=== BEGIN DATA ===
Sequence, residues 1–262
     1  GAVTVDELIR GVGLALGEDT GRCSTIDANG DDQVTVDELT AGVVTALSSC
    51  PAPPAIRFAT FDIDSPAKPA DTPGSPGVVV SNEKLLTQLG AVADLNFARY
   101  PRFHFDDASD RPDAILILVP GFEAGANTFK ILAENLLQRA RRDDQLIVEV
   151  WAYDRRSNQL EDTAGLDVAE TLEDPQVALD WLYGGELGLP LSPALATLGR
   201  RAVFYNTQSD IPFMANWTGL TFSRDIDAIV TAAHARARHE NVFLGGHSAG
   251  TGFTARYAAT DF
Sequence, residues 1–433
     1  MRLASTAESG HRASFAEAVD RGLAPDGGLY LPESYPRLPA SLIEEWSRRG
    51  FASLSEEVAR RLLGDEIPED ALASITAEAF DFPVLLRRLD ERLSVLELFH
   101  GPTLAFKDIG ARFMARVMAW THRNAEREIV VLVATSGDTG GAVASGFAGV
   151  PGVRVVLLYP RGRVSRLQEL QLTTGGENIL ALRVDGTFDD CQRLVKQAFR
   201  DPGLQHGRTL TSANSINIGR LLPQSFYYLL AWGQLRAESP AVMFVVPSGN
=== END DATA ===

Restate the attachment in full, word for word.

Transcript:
Sequence, residues 1–262
     1  GAVTVDELIR GVGLALGEDT GRCSTIDANG DDQVTVDELT AGVVTALSSC
    51  PAPPAIRFAT FDIDSPAKPA DTPGSPGVVV SNEKLLTQLG AVADLNFARY
   101  PRFHFDDASD RPDAILILVP GFEAGANTFK ILAENLLQRA RRDDQLIVEV
   151  WAYDRRSNQL EDTAGLDVAE TLEDPQVALD WLYGGELGLP LSPALATLGR
   201  RAVFYNTQSD IPFMANWTGL TFSRDIDAIV TAAHARARHE NVFLGGHSAG
   251  TGFTARYAAT DF
Sequence, residues 1–433
     1  MRLASTAESG HRASFAEAVD RGLAPDGGLY LPESYPRLPA SLIEEWSRRG
    51  FASLSEEVAR RLLGDEIPED ALASITAEAF DFPVLLRRLD ERLSVLELFH
   101  GPTLAFKDIG ARFMARVMAW THRNAEREIV VLVATSGDTG GAVASGFAGV
   151  PGVRVVLLYP RGRVSRLQEL QLTTGGENIL ALRVDGTFDD CQRLVKQAFR
   201  DPGLQHGRTL TSANSINIGR LLPQSFYYLL AWGQLRAESP AVMFVVPSGN